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Not recommended under 13, PG to 15 (Viol. Scary scenes. Theme)
This topic contains:
|Children under 8||Not recommended due to violence, scary scenes and theme|
|Children aged 8-13||Not recommended due to violence and theme|
|Children over the age of 13||Parental guidance recommended|
This section contains details about the movie, including its classification by the Australian Government Classification Board and the associated consumer advice lines. Other classification advice (OC) is provided where the Australian film classification is not available.
|Name of movie:||Stormbreaker|
|Consumer advice lines:||Moderate action violence|
This review of the movie contains the following information:
Based on the Anthony Horowitz series, Stormbreaker is a ‘James Bond’ for teenagers where a teenager is the hero. Alex Rider (Alex Pettyfer) is an orphan who is brought up by his Uncle, Ian Rider (Ewan McGregor) and his housekeeper Jack Albright (Alicia Silverstone). His uncle is rarely home and therefore he relies mainly on Jack. Alex believes his Uncle has a boring job in a bank. In reality Ian Rider is a spy for MI6. This job gets him killed.
At his uncle’s funeral, Alex is confused by the number of people around who are carrying guns and by the behaviour of his uncle’s work colleagues. As they leave the cemetery, Jack notices a van taking all Ian Rider’s belongings. Alex chases this van and what happens next eventually leads him into MI6 where he is coerced into following his uncle’s footsteps by becoming a spy.
His job is to infiltrate the headquarters of the computer magnate Darius Sayle (Mickey Rourke) who is planning to donate his supercomputer ‘Stormbreaker’ to every British school. MI6 suspect his generosity and believe he has an ulterior motive. It is up to Alex to find out what is truly going on and ultimately stop Darius Sayle’s unpleasant plan.
Children and adolescents may react adversely at different ages to themes of crime, suicide, drug and alcohol dependence, death, serious illness, family breakdown, death or separation from a parent, animal distress or cruelty to animals, children as victims, natural disasters and racism. Occasionally reviews may also signal themes that some parents may simply wish to know about.
Crime-fighting, Death of a family member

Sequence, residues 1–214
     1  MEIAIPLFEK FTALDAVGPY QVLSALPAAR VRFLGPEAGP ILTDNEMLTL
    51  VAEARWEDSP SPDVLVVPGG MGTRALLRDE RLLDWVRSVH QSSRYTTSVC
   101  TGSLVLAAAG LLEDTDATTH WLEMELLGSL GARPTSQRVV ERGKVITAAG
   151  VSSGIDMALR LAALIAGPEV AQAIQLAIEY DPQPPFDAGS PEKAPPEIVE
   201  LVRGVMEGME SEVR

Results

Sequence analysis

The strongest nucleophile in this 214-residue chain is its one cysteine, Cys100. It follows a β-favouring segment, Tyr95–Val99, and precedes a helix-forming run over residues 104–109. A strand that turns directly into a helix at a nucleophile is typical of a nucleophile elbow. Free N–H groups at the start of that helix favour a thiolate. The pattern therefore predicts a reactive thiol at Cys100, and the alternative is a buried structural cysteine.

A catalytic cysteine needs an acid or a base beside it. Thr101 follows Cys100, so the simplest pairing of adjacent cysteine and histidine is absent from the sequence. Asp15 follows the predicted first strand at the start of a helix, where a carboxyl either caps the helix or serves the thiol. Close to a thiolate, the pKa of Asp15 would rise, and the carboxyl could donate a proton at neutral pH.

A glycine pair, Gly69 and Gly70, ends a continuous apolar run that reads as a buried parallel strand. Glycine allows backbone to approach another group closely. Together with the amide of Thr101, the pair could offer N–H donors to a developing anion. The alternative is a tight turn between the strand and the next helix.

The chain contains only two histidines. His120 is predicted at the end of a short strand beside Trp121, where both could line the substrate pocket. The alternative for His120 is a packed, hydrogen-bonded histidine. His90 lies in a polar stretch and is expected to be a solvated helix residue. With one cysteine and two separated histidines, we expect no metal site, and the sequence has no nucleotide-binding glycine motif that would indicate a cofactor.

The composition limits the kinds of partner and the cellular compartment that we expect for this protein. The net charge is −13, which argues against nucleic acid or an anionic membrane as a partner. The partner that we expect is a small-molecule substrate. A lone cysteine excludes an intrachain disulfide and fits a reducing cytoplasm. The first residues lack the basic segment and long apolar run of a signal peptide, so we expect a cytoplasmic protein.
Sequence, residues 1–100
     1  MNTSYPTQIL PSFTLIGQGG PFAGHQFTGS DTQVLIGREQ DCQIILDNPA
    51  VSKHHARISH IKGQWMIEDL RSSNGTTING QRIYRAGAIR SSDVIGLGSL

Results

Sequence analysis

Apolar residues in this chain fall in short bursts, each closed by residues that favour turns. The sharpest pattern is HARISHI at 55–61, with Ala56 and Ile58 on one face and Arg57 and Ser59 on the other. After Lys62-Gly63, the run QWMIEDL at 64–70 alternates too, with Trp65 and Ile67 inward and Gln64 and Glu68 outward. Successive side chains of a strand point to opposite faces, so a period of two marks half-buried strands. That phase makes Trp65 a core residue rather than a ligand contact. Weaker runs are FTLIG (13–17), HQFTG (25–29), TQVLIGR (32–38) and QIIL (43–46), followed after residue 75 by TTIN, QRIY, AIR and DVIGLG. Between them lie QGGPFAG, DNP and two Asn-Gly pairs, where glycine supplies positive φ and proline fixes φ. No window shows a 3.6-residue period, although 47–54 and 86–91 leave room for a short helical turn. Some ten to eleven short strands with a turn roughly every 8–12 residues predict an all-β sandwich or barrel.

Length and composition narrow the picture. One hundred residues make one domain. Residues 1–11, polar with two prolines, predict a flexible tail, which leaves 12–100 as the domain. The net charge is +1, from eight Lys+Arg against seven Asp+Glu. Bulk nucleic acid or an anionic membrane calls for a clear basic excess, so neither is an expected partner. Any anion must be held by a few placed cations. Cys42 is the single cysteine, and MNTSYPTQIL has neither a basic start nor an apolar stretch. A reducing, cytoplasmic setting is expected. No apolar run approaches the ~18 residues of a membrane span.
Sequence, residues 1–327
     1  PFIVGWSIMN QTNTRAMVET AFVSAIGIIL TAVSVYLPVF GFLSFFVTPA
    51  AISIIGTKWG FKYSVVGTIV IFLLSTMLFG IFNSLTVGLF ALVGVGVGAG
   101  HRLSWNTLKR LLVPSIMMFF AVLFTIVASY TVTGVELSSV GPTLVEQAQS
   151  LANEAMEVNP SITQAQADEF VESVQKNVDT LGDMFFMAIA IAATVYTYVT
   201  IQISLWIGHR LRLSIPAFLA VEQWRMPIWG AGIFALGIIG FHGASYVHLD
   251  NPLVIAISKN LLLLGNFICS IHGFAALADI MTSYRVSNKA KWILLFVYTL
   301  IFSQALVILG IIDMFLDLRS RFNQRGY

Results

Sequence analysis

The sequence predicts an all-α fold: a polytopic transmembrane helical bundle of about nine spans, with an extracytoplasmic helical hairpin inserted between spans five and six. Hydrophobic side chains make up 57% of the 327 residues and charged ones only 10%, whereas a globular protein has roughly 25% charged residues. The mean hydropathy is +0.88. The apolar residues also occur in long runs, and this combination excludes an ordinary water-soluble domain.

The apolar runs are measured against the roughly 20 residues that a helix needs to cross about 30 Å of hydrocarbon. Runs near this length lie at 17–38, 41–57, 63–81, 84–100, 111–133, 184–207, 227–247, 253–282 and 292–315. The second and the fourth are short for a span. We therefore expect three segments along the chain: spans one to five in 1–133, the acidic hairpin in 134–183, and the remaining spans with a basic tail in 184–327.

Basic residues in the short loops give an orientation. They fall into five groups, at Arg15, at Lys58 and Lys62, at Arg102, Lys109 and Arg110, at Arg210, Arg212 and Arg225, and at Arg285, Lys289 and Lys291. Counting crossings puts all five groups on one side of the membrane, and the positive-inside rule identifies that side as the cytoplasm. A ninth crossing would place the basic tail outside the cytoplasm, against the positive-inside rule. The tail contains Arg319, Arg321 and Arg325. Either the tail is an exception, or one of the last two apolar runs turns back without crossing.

Research shows that children are at risk of learning that violence is an acceptable means of conflict resolution when violence is glamourised, performed by an attractive hero, successful, has few real life consequences, is set in a comic context and / or is mostly perpetrated by male characters with female victims, or by one race against another.
Repeated exposure to violent content can reinforce the message that violence is an acceptable means of conflict resolution. Repeated exposure also increases the risks that children will become desensitised to the use of violence in real life or develop an exaggerated view about the prevalence and likelihood of violence in their own world.
There is some violence in this movie including:
Children under five are most likely to be frightened by scary visual images, such as monsters, physical transformations.
Children in this age group may be disturbed by the above mentioned scenes.
Children aged five to eight will also be frightened by scary visual images and will also be disturbed by depictions of the death of a parent, a child abandoned or separated from parents, children or animals being hurt or threatened and / or natural disasters.
All of the above scenes may worry children aged five to eight and in fact could pose more of a problem than the under five age group as they are more likely to understand the consequences of the death of Alex’s uncle. They may find Nadia Vole and Mr Grin even more frightening, not just because of their appearance but also due to their behaviour.
Children aged eight to thirteen are most likely to be frightened by realistic threats and dangers, violence or threat of violence and / or stories in which children are hurt or threatened.
Children aged eight to thirteen, particularly those closer to the age of eight years could be disturbed by some of the above mentioned scenes.
Children over the age of thirteen are most likely to be frightened by realistic physical harm or threats, molestation or sexual assault and / or threats from aliens or the occult.
It is unlikely that any scenes in this movie would scare or disturb children over the age of thirteen.
Stormbreaker is a classic action thriller genre where the ‘good guys’ beat the ‘baddies’ in the end. Values in this movie that parents may wish to reinforce with their children include:
Tip: Leave out the first A, An or The
Selecting an age will provide a list of movies with content suitable for this age group. Children may also enjoy movies selected via a lower age.
Content is age appropriate for children this age
Some content may not be appropriate for children this age. Parental guidance recommended
Content is not age appropriate for children this age
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